Those two facts didn’t add up to reasonable suspicion. Nervousness, the court stated, “is insufficient by itself to establish reasonable suspicion,” because it “is a common response to a traffic stop.” Similarly, the court indicated, “a person’s mere association with or proximity to a suspected criminal does not support a conclusion of particularized reasonable suspicion.” As to the combination of the two factors, the court found that they could give rise only to a “hunch,” not reasonable suspicion, because even together they would not “eliminate a substantial portion of innocent travelers.” Op. at 19, quoting United States v. Digiovanni, 650 F.3d 498 (4th Cir. 2011).

Comment. Overall, the court’s analysis strikes me as sound. Even though the stop was extended by just long enough for the officer to ask the driver whether she had been in trouble before and whether she had anything in her car, we know from Rodriguez v. United States, __ U.S. __, 135 S. Ct. 1609 (2015), that there is no de minimis exception to the Fourth Amendment. However, like so many Fourth Amendment cases, the result is quite fact-specific. If the officer had testified that the defendant seemed high as well as nervous, or if the officer stated that the defendant’s movements with respect to the visor appeared to be furtive rather than anxious, the case might have come out differently.

As a final note, the widespread use of video recording continues to revolutionize appellate review. In this case, the court of appeals found one of the trial judge’s findings of fact (concerning the speed with which the defendant identified her passenger in response to the officer’s inquiry) unsupported based on its review of the dash cam video. I’m sure that smart appellate lawyers have thought deeply about this, but the traditional rule of deference to a trial court’s findings of fact may be less supportable when the appellate court is able to review the same video that the trial judge saw.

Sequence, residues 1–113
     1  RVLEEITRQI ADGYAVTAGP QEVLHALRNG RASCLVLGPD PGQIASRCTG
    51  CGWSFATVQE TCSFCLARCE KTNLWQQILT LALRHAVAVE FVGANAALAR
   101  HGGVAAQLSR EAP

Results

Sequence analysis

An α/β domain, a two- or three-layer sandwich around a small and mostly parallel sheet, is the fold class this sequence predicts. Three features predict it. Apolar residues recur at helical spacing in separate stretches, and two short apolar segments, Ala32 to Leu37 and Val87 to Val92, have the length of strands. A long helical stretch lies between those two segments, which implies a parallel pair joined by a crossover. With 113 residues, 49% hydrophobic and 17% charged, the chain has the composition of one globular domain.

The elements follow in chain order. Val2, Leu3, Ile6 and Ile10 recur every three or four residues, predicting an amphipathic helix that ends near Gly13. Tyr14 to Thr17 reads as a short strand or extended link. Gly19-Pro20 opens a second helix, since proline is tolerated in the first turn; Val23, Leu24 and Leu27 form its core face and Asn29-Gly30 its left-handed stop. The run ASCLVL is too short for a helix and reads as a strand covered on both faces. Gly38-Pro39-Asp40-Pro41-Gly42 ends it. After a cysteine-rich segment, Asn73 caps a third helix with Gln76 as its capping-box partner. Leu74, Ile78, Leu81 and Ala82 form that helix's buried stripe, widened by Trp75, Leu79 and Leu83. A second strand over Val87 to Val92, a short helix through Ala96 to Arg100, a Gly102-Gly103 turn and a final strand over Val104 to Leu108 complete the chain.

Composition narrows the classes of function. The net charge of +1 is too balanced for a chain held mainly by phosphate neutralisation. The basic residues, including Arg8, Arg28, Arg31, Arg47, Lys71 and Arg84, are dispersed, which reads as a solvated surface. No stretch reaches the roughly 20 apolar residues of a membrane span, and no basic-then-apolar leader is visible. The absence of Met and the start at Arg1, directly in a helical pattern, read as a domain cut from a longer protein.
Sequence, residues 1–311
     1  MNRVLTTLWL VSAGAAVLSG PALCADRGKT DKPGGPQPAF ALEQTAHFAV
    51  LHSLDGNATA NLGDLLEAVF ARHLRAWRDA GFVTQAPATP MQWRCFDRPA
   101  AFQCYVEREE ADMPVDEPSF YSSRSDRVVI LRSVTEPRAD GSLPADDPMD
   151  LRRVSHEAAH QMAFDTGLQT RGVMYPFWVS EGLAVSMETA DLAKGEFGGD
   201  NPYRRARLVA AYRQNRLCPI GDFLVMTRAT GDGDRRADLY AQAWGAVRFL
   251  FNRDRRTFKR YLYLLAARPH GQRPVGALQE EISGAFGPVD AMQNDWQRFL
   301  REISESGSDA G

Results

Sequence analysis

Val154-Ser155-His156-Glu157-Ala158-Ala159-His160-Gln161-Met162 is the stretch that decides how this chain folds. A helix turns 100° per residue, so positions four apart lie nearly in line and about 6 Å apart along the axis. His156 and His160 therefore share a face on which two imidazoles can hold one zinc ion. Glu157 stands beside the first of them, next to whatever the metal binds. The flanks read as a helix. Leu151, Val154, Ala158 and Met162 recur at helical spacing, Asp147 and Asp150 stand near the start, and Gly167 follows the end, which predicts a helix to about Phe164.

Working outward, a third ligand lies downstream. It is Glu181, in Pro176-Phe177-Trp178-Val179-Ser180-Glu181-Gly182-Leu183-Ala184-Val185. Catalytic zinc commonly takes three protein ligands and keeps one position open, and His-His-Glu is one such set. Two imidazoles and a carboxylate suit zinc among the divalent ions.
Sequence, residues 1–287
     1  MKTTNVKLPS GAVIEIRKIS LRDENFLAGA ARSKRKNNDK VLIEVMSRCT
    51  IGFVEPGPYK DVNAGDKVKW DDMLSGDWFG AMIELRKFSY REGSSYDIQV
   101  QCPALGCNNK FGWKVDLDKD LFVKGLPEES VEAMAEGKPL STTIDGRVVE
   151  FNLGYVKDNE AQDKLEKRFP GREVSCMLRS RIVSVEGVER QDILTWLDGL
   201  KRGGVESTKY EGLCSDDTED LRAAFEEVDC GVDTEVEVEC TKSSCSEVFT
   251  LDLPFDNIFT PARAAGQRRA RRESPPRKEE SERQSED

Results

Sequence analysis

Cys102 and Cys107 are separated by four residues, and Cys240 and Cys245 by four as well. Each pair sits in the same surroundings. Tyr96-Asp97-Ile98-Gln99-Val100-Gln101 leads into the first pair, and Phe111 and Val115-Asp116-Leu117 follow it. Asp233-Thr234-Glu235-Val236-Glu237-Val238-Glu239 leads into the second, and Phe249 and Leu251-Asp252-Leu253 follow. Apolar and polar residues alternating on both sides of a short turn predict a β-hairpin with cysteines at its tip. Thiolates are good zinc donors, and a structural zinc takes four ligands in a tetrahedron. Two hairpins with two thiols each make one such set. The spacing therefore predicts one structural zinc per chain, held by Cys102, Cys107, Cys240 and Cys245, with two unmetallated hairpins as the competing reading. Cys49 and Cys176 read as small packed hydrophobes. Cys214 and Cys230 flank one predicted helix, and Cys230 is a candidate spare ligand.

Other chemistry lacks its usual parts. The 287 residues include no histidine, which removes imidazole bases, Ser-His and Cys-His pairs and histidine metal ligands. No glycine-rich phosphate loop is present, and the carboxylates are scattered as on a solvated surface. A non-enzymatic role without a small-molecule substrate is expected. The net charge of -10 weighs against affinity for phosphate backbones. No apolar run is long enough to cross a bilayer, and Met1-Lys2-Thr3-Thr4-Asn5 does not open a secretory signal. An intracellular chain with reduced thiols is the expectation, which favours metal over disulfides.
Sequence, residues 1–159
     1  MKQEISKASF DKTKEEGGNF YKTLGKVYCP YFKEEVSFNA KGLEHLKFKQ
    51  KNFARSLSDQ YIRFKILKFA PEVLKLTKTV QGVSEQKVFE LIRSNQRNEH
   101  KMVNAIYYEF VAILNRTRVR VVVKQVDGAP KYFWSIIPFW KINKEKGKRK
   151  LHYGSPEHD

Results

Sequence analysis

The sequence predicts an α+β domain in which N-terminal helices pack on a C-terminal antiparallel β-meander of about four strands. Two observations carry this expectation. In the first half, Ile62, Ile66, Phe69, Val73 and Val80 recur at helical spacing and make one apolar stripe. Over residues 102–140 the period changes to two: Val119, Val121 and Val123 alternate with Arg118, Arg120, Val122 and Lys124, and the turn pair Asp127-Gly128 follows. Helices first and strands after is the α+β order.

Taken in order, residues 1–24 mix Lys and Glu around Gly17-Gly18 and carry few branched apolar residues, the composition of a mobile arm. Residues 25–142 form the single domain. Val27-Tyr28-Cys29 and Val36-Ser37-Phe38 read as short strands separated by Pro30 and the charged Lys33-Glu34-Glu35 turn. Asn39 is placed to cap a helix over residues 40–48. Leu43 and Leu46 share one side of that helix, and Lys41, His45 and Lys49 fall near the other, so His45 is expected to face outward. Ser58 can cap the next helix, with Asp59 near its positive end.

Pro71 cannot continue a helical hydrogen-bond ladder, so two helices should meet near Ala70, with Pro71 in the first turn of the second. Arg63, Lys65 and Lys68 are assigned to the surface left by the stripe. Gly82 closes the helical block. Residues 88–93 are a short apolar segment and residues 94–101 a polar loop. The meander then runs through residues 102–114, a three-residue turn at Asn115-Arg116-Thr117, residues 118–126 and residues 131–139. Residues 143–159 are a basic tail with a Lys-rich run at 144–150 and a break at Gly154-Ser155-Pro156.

9 thoughts on “Court of Appeals Finds Extension of Traffic Stop Unsupported by Reasonable Suspicion”

  1. Maybe officers should start off traffic stops with the Miranda Warning. Just go ahead and cover that base now since that’s the direction things are heading.

  2. This is not a problem. We in law enforcement are flexible and learn from every case.

    For instance, we now know to articulate in court that “the defendant’s nervous, fidgeting behavior was “consistent with use of methamphetamine.” Easily presented at daily assembly before shift.

    And a minor adjustment in procedure by placing any search related questions before the issuance of any warning/citation is certainly prudent.

    And you know how sometimes the dispatchers are really busy or the state’s computers are really swamped and those 28/29s are slow in coming back. I see no issue with a pleasant conversation with the violator while waiting for those returns.